Last time, I described a solution to the following “skeleton multiplication puzzle” from Don Knuth’s The Art of Computer Programming:

N N N (1)

x N N N N (2)

---------

N N N 7 (3)

N N N N (4)

N N N N (5)

N N N (6)

-----------

7 7 7 7 7 7 (N != 7)

The answer found by Knuth is the following:

5 3 9 (1) x 1 4 4 3 (2) --------- 1 6 1 7 (3) 2 1 5 6 (4) 2 1 5 6 (5) 5 3 9 (6) ----------- 7 7 7 7 7 7

I was able to find a second solution where there was a leading zero in row (4). To find it, I considered all the prime factors of 777777 and reasoned about which pairs could fit the pattern of the puzzle.

In this post I want to show you how I originally found this solution.

I wrote a bit of code in Python to express part of the problem as a constraint programming (CSP) model. Instead of trying to work out the solution myself, I write down the conditions that must be true, and let the constraint programming solver do the work.

The basic approach for solving a puzzle using a solver is:

- Write down the variables (unknowns) that I want the solver to find.
- Write down all of the constraints (logical conditions) that need to be true.
- Turn the above into the right API calls for the solver I am using.

Here’s how it works (and here’s a link to my code). I used the *python_constraint* package as my CSP solver. To specify the puzzle we need a *Problem*() object:

problem = Problem()

In a CSP I first define variables that I want the solver to find. The variables I care most about are *n_1* and *n_2*. I know that *n_1* < 1000 and *n_2* < 10000. *addVariable*‘s first argument is the name of the variable and the second is the domain.

problem.addVariable("n_1", list(range(100, 999+1))) problem.addVariable("n_2", list(range(1000, 9999+1)))

I also am interested in the digits of each number. I will call the digits for the first (*d_11*, *d_12*, *d_13*), and the second (*d_21*, *d_22*, *d_23*, *d_24*). Remember that none of these digits can be a seven.

not_seven = [0, 1, 2, 3, 4, 5, 6, 8, 9] # no sevens allowed! # n_1 = d_13 d_12 d_11 problem.addVariable("d_13", not_seven) problem.addVariable("d_12", not_seven) problem.addVariable("d_11", not_seven) # n_2 = d_24 d_23 d_22 d_21 problem.addVariable("d_24", not_seven) problem.addVariable("d_23", not_seven) problem.addVariable("d_22", not_seven) problem.addVariable("d_21", not_seven)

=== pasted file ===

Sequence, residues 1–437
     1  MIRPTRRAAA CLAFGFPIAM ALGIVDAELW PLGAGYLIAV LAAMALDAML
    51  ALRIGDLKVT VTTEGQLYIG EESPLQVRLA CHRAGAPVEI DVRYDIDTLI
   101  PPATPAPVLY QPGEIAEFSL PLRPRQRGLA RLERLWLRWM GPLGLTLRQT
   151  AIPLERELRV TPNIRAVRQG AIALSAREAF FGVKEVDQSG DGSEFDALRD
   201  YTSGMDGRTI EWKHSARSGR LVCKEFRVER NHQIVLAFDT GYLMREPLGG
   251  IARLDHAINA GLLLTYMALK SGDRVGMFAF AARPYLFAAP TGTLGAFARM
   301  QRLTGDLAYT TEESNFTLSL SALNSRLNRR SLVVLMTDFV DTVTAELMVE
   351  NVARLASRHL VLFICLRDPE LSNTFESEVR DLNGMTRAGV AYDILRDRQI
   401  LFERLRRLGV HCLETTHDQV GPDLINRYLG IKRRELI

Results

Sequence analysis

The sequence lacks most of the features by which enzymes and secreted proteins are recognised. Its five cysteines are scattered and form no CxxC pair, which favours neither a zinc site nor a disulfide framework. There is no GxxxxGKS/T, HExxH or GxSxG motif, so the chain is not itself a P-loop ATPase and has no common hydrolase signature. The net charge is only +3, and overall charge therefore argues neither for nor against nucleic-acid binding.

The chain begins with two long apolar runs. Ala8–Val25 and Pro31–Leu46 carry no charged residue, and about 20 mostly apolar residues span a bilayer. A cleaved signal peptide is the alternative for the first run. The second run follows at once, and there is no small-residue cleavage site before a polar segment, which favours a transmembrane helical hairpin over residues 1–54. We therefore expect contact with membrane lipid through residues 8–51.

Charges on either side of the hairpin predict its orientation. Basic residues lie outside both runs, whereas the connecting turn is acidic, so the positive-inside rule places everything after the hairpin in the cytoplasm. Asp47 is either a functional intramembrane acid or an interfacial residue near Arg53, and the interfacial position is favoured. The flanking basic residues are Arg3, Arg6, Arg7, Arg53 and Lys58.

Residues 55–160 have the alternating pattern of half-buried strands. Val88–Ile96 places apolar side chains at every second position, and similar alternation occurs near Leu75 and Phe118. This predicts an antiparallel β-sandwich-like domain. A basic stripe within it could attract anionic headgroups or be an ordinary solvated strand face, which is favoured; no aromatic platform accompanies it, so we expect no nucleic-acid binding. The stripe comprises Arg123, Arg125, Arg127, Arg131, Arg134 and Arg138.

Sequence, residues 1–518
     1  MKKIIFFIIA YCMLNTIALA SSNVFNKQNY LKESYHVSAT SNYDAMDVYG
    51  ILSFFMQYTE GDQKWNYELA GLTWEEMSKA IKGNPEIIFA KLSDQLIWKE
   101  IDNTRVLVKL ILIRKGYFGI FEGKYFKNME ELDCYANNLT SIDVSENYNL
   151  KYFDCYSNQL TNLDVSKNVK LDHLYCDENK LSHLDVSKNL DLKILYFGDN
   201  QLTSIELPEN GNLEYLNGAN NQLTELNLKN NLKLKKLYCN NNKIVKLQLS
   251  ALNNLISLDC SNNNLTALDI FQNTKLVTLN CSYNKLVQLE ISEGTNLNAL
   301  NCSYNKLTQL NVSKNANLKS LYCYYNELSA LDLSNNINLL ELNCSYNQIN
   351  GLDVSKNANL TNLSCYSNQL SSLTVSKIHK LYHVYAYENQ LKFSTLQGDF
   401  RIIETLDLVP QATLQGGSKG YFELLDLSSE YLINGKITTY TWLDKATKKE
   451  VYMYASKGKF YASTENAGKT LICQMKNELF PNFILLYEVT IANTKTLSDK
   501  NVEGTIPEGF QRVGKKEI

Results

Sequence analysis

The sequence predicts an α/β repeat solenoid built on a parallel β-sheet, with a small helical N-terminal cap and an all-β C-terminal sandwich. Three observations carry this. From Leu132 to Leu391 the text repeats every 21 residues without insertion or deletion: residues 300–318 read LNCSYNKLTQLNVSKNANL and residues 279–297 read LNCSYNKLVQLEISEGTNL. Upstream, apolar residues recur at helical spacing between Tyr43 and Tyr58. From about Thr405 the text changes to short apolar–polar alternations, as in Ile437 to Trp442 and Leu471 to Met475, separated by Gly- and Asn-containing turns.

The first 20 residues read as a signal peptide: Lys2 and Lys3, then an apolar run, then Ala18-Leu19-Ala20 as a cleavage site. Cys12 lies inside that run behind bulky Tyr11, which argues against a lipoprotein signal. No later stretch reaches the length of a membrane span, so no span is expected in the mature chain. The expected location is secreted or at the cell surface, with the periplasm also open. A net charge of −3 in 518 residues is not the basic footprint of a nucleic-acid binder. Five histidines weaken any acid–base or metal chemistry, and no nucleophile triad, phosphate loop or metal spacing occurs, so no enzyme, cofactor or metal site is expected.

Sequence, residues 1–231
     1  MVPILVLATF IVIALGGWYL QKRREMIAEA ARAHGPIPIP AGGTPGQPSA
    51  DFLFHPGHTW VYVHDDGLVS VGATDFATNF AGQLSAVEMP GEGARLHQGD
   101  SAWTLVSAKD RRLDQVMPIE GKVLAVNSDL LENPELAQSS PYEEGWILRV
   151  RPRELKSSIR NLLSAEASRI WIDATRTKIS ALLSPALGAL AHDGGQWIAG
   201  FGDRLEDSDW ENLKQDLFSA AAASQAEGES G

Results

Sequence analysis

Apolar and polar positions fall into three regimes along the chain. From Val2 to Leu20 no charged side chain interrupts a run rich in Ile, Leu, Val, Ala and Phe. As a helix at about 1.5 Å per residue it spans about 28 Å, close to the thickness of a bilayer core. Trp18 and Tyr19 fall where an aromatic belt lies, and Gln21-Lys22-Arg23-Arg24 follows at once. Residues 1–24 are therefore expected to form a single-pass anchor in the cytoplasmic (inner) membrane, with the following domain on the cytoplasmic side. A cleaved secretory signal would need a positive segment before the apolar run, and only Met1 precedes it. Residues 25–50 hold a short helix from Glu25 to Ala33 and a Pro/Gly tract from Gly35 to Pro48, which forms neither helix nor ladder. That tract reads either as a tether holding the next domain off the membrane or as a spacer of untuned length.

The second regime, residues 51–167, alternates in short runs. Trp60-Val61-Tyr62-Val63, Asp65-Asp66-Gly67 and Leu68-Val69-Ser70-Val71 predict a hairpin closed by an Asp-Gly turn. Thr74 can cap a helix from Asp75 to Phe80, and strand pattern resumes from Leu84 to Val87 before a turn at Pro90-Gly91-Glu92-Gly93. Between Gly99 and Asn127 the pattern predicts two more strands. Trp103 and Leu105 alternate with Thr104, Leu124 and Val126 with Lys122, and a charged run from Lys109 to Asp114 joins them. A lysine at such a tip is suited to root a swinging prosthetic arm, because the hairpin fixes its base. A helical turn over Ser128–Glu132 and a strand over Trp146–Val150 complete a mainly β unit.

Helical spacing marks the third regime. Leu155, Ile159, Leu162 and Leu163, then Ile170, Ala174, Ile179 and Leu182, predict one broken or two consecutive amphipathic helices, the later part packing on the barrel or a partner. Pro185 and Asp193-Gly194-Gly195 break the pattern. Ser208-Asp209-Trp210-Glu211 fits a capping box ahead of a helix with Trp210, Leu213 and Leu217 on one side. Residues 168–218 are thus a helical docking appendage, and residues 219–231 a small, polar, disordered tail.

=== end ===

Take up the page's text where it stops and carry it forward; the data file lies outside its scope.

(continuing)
Now I start writing down conditions that I know to be true. The first is that the product is a bunch of sevens:

problem.addConstraint(lambda n_1, n_2: n_1 * n_2 == 777777, ['n_1', 'n_2'])

Even if you know Python this may be confusing because you may not be familiar with the* python_constraint *package. The point is that I am providing an anonymous (lambda) function that evaluates the product of *n_1* and *n_2* as the first argument, and the names of the variables I defined earlier as the second.

Next, if I put the digits d_1x together, I get n_1:

problem.addConstraint(lambda d_11, d_12, d_13, n_1: 100 * d_13 + 10 * d_12 + d_11 == n_0, ['d_11', 'd_12', 'd_13', 'n_1'])

Same for n_2:

problem.addConstraint(lambda d_21, d_22, d_23, d_24, n_2: 1000 * d_24 + 100 * d_23 + 10 * d_22 + d_21 == n_2, ['d_21', 'd_22', 'd_23', 'd_24', 'n_2'])

Also, as considered earlier, when I multiply the last two digits of n_1 and n_2, the result must end in 7:

problem.addConstraint(lambda d_11, d_21: (d_11 * d_21) % 10 == 7, ['d_11', 'd_21'])

Now, if I wanted to be complete, I would write down a bunch more conditions for all of the Xs that appear in rows 3-6, using the rules of long multiplication. But why would I want to do that? The point is to be lazy.

Let’s just solve the problem, ask for all the solutions, and print them out.

s = problem.getSolutions() # s is a list of solutions. Each solution is a dict of variable values. for t in s: print(f"{t['n_0']} x {t['n_1']} = {t['n_0'] * t['n_1']}")

Wow! The same four that I discovered above. This was “easier” for me in the sense that I already knew how to use the *python_constraint* package, so I could just do the coding above without having to “think”. Doing it “the old fashioned way” was in the end more fun, but requires more deliberation and focus for me.